Further into 1947
What I have not done is revisit the two huge auteurist touchstones from 1947, Orson Welles's deeply disorienting Lady from Shanghai and Charlie Chaplin's rather broad and scabrously off-putting Monsieur Verdoux, which sprang from an idea by Welles and many, many people regard as a masterwork. I've screened them both in big-screen restored prints, recently enough to at least trust my basic distaste for both, and though I probably owe it to the geniuses behind each of them to take another stab at some point, I am so not up for it right now.
But what should I be up for? I love reader recommendations in cases like these, either because you've already seen some of the films I'm still anticipating or because something jumps off my pre-selected docket that sounds as tantalizing to you, sight unseen, as it does to me. Major actorly showcases with durable fan bases, like Carol Reed's Odd Man Out with James Mason, or Robert Rossen's Body and Soul with John Garfield? Anthony Mann double-feature Railroaded! and T-Men? Relative obscurities by Ozu (Record of a Tenement Gentleman) and Kurosawa (One Wonderful Sunday), and better-known but seemingly minor work by Sirk (Lured), Leisen (Golden Earrings), and Renoir (The Woman on the Beach - check!)? Black-cast musicals Juke Joint, New Orleans, with its much-touted Billie Holliday cameo, and the enticingly named Boy! What a Girl!? The brooding darkness of Brute Force, Nightmare Alley, or Quai des Orfèvres? Actressy vehicles for Joan Crawford (Daisy Kenyon) and, in a rare leading role, Teresa Wright (Pursued)? Actor-director Robert Montgomery's Lady in the Lake, a longtime pet of film theorists? (His Mexican noir Ride the Pink Horse is an under-heralded gem of the same year.) British cult favorite Brighton Rock, apparently ruined by the Rowan Joffe remake now completing its global festival tour? Box-office bonanzas Forever Amber, Welcome Stranger, Unconquered, Life with Father, and The Egg and I, the latter two with Oscar nods for acting? Notorious MGM boondoggle Desire Me, the Greer Garson vehicle from which George Cukor fought to efface his name? The movie Cukor made that year that he actually liked, as did AMPAS, was the Othello-obsessed thriller A Double Life, probably due for a rewatch. And speaking one last time of the Academy, what about inaugural Academy anointee for Best Foreign Language Film Monsieur Vincent? The Katharine Hepburn twofer of Sea of Grass (another Elia Kazan project) and Song of Love (a dread composer biopic), which even I, as a lifelong devotée, have thus far stayed away from? What other titles am I not clocking at all, though I should?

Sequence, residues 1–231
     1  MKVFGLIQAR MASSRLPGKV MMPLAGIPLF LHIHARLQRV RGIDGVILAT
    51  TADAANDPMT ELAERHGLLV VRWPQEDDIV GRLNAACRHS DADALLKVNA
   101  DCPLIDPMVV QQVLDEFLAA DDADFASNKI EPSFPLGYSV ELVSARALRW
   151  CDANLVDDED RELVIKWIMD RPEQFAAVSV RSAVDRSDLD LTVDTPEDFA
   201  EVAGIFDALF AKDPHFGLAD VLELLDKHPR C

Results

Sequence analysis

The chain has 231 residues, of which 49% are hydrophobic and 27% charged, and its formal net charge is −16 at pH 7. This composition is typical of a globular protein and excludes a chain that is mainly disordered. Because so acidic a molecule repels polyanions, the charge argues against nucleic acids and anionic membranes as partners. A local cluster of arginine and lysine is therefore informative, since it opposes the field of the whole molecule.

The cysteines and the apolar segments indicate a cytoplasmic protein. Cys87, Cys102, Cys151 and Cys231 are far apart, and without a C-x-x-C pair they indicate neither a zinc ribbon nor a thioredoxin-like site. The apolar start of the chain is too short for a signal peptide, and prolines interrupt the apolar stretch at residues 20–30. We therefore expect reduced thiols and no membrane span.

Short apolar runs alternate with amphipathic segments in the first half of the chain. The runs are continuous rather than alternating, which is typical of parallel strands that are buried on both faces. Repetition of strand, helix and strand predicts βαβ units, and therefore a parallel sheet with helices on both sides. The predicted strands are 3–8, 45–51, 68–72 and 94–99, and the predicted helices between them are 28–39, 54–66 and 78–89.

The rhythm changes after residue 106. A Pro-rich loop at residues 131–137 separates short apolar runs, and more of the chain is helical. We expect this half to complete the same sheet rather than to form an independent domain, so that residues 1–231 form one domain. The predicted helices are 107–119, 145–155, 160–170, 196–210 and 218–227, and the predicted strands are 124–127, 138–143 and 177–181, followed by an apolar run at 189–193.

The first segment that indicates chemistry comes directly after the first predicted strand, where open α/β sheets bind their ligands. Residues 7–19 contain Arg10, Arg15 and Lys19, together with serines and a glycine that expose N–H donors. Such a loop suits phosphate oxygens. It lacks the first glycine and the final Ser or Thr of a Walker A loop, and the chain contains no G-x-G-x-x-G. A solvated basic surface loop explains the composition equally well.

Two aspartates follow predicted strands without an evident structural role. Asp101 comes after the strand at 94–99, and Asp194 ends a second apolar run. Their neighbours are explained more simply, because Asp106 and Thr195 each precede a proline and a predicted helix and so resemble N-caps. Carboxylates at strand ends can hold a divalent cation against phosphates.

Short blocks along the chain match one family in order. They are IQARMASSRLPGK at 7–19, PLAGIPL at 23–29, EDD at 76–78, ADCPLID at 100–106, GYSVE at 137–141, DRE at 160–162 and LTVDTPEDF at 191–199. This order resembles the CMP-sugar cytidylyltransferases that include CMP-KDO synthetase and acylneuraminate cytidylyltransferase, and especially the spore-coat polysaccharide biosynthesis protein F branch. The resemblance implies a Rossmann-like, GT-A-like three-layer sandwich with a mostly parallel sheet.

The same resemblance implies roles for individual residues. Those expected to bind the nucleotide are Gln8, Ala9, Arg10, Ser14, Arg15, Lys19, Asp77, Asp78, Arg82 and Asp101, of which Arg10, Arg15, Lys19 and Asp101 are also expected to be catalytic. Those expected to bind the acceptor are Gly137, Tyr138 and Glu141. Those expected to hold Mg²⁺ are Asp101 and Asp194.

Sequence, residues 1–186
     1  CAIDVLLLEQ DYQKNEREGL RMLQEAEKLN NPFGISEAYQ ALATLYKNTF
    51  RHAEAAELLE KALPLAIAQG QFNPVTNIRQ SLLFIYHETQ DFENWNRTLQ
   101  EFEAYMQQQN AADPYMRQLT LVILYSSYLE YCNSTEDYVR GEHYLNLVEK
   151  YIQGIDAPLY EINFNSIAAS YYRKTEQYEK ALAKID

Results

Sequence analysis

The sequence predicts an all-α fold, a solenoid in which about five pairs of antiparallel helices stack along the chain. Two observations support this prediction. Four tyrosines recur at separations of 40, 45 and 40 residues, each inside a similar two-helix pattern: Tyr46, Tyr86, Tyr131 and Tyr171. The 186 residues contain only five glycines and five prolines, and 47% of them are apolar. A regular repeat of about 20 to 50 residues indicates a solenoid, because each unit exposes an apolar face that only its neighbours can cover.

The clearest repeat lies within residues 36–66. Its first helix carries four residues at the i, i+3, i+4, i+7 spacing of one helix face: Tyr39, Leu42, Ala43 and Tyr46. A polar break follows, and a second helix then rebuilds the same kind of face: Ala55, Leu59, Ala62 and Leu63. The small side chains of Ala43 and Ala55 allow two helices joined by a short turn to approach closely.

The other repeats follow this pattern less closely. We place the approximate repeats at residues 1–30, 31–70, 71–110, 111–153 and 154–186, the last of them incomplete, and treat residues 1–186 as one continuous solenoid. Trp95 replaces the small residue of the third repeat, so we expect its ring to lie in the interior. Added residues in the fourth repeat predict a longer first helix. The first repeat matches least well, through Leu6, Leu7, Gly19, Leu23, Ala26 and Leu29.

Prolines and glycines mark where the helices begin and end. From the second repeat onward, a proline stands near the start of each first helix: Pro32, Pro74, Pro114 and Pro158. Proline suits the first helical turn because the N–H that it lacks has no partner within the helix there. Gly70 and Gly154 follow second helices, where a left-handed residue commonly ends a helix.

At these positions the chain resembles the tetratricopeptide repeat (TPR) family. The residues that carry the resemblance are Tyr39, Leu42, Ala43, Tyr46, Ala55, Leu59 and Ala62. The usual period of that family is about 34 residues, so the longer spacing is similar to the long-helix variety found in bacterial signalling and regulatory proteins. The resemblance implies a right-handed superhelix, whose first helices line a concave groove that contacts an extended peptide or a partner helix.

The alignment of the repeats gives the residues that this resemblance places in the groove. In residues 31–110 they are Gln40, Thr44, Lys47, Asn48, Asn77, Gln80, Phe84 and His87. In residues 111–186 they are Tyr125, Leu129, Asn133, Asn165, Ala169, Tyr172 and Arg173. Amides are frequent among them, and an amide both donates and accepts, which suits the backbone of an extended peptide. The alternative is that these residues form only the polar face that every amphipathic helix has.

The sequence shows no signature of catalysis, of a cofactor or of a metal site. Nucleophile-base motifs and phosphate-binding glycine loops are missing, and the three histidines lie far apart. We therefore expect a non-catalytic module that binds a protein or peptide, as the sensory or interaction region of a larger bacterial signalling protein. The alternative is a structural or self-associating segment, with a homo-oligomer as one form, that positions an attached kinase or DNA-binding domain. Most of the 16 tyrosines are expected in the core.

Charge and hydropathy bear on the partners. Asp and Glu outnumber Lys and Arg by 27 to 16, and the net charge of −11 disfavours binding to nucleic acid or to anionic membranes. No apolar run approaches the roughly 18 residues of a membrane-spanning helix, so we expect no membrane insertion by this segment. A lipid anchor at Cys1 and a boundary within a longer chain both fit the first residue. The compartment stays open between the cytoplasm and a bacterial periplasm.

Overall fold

I probably have room between now and November to absorb three or four more of the above. If you were setting my agenda, what would you pick? Fire away in the comments, and we'll see if we can reach a gentle(wo)man's agreement, or whether we get stuck in a crossfire.